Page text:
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At Least This Problem Wasn’t The Other Way Around

, , , , , , | Right | August 17, 2022

In Massachusetts, cities and towns can elect to collect annual property/excise tax on boats. The bill will come from the city or town where the boat is moored, docked, or stored. I work in the tax collector’s office for one of these towns. Some time after the bill is due, we send out a second notice. Some time after the second notice is due, we employ a Deputy Collector to send out a third notice. Some time after the third notice is due, they send an officer or sheriff to hand-deliver the notice to the property address.

The year is 2022.

Me: “Collector’s office, can I help you?”

Resident: “Yes, I hope you can. I’m calling about a supposed overdue boat excise bill.”

Me: “Okay, I can definitely look that up for you. What’s the last name?”

Resident: “[Resident’s Last Name]. I don’t know why I have an overdue bill. I’ve never gotten a bill from you guys except for one which was abated in full. I dock my boat in Connecticut.”

Me: “Oh, okay. Did you note that on your registration?”

Resident: “It is now.”

Me: “Okay, well, I see one bill from 2014 that was unpaid.”

Resident: “Why? I never got a single bill except for that one I told you about.”

Me: “I don’t know why it’s unpaid, but I see that you also got bills in 2010, 2011, and 2012 that you paid.”

Resident: “That’s not true. I never paid a bill here for my boat. My boat is in Connecticut. I had one bill that I abated. I never paid a bill.”

Me: “I don’t know what to tell you. I see a bill that was paid in January 2011, one that was paid in October 2011, one that was paid in October 2012, and the 2014 bill that wasn’t paid.”

Resident: “You’re saying I paid three bills for my boat?”

Me: “That’s what I’m seeing, yes. In fact, they were all paid through our online payment system, so a receipt would have been emailed to you.”

Resident: “I never got an email.”

How do you remember what emails you did or didn’t get from ten years ago or more?

Me: “Okay, well, I can probably pull the receipts if you want me to look into it.”

Resident: “Please do. I never paid them.”

Me: “Okay, I’m going to put you on hold while I look those up.” *Does so* “Okay, I found them. They all have the same contact information.”

Resident: “What date was one of them paid?”

Me: “The 2012 bill was paid October 24th, 2012.”

Resident: “October 24th? See, that obviously wasn’t me who paid them.”

Me: “Okay?”

Resident: “Yeah. My anniversary is that week. I was on vacation then. There’s no way I would have come in to pay them while I was on vacation.”

Me: “Well, they were paid online, so you didn’t come in.”

Resident: “I wouldn’t have paid my bills on vacation, either. And my son was thirteen at the time; he couldn’t have paid them, either.”

Me: “I don’t know what to tell you. I have the receipt here. [Resident]?”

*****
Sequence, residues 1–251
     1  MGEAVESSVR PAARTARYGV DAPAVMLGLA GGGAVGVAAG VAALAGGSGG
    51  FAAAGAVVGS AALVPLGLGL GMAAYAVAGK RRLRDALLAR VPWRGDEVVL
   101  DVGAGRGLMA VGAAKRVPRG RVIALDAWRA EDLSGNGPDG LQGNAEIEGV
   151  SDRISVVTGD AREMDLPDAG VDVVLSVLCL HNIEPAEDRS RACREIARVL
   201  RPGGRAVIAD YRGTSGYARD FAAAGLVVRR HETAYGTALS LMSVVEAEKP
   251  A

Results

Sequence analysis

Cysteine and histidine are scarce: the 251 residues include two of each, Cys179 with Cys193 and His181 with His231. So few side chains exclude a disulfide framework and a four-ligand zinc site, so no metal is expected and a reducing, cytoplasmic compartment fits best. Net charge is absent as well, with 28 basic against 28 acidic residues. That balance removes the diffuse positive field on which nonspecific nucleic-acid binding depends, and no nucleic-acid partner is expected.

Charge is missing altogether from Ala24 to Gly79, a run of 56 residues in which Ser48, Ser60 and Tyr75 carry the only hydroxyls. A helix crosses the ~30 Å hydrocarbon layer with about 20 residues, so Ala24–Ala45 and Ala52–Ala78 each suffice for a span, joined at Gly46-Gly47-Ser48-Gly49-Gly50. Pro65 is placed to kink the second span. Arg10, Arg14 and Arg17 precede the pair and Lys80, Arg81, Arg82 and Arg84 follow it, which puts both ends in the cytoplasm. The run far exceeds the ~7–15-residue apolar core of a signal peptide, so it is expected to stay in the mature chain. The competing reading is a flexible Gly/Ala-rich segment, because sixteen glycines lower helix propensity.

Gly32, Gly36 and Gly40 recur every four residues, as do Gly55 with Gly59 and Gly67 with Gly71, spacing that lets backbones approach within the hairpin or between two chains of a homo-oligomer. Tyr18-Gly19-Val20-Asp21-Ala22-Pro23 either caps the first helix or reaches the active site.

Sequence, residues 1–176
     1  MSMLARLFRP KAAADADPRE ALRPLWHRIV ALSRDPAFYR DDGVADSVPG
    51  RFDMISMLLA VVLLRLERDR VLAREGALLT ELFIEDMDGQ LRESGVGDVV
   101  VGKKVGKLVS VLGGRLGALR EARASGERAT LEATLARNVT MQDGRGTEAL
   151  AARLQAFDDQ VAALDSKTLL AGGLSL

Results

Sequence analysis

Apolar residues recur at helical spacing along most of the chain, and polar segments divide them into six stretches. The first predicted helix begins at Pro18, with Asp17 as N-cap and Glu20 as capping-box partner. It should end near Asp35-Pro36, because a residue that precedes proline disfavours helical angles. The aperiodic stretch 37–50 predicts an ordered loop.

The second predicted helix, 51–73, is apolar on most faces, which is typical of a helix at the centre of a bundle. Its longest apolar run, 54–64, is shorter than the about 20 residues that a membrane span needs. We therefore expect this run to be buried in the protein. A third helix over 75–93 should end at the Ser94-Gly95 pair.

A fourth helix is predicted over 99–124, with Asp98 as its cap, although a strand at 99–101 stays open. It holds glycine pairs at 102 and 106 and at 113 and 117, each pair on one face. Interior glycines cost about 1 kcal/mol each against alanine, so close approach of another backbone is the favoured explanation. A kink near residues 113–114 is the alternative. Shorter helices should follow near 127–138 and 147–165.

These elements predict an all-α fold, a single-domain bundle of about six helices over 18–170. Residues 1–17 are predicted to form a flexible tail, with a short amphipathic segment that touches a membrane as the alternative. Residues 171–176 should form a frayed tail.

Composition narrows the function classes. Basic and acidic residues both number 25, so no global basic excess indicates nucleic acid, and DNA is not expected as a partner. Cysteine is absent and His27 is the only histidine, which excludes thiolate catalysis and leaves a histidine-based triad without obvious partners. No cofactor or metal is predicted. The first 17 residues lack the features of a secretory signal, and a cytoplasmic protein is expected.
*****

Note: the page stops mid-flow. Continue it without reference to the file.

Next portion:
Resident: “Yes.”

Me: “[Address]?”

Resident: “Yes.”

Me: “[Phone number]?”

Resident: “Yes.”

Me: “[Email address]?”

Resident: “Yes.”

Me: “Then, it really is odd. Either you or someone you know paid your bill. Or you had identity fraud seven to ten years ago, and they were very nice to pay your bills for you.”

Resident: *Pauses* “Maybe… So, how do I pay this overdue bill?”

Me: “You can pay it online at [Deputy Collector’s Website], or you can mail a money order for [amount] to [address].”

Resident: “Okay, I’ll send it in.”

Me: “Thank you. Have a great day!”

It’s Like Their Eyes Have Been Masked

, , , , | Right | August 13, 2022

Back when our town had a mask mandate for indoor public spaces, we wanted to make sure anyone coming into the town hall was aware they needed a mask before they entered.

We taped a letter-sized laminated sheet of paper to the door advising entrants of the mask mandate. There were two three-foot-tall planters on each side of the front door with similar-sized notices sticking out of them. There was a large notice with a metal frame measuring about four feet tall and two feet wide placed three to five feet to the right of the door.

After entering the door, there is another poster board notice of the same size on the wall facing the door. To the left of our service window, no more than six inches from viewing into our office, there is another letter-sized notice.

One resident, known for pointing out perceived inefficiencies in our systems and resources, came in and laughed at the size and number of notices between the front of our building and our office window, a distance of no more than thirty feet.

Resident: “Who would be so clueless as to not know they need to wear a mask inside?”

I thought to myself (as we all know here on Not Always Right), “People don’t read signs.”

After taking care of his business, the resident stepped to the side to gather his things as the next person came in the front door without a mask. After seeing me, the resident, and everyone else in the office wearing a mask, he asked:

Resident #2: “Oh, do we need to wear a mask in here?”

And that, Mr. Resident, is why we (try to) have so many signs.